Saturday, September 10, 2011

The Godfather Clause

While it is said that religion succeeds to the degree that is not subject to tests of proof, there is an interesting phenomenon that I have noted in religious people, most notably Christians, do expect that their faith would survive scientific tests of proof - even though most of the things they offer up as proof wouldn't pass muster under any other circumstances. For example, for many, if not all, non-believers, the relationship between God and the Bible is a classic case of circular logic. The Bible tells us what we need to know about God, and it is God who vouches for the accuracy of the Bible. Nothing controversial there. But what's interesting is that Christians who are otherwise perfectly capable of calling out circular logic when they see it will argue the point that the Bible-God relationship is circular. (This is, I suspect, an artifact of the idea that we tend to understand circular arguments to be false - therefore we also tend to feel that an argument that is true cannot be circular.)

Related to this idea is the concept that faith is validated by the length of time that it has endured and the breadth of its adoption - the idea that the fact that billions of people believe and that belief goes back so far into history acts as sort of proof. Which again, is something that otherwise isn't considered scientifically valid (although it's popular in advertising). And many believers are quick to dismiss a consensus that contradicts their worldview. In this respect, religion has a sort of literal "Grandfather Clause," which is interesting mainly for its invisibility to the faithful themselves, despite the fact that the differing burden of proof that faith often claims is a integral part of the definition of faith.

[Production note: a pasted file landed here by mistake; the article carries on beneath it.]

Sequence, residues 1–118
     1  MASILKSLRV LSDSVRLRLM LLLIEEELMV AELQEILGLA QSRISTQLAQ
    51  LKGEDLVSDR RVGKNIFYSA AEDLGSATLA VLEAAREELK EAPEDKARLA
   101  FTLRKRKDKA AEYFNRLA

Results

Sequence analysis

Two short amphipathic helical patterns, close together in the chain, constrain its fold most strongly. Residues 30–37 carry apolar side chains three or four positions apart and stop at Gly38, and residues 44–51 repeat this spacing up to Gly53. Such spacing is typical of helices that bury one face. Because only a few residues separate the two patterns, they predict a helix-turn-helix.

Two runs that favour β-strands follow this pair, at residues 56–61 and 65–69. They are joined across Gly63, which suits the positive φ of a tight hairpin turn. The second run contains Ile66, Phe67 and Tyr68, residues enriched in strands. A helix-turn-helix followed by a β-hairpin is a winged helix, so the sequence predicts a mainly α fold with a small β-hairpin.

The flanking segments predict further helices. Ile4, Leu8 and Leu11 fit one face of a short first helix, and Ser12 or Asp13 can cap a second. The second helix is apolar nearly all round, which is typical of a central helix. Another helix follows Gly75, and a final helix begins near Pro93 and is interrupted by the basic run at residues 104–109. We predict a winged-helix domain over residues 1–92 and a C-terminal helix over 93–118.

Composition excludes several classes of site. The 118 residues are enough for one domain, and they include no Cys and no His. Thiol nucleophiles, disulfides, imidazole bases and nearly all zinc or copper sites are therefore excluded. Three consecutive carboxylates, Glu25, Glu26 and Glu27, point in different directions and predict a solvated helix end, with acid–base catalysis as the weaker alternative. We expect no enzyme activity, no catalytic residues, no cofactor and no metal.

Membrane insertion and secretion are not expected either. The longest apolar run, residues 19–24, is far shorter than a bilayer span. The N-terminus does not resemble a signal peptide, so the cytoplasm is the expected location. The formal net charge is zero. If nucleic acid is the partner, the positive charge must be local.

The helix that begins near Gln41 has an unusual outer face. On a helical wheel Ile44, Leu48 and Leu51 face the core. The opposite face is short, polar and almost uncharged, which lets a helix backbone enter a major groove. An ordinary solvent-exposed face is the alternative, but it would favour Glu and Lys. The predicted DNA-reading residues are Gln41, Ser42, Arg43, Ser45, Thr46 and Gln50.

For many, I suspect that there is something lacking in the idea of faith, perhaps because of the relative uniqueness of the concept. Therefore they seek to obviate their faith, which has the ironic effect of bringing it into even higher relief.

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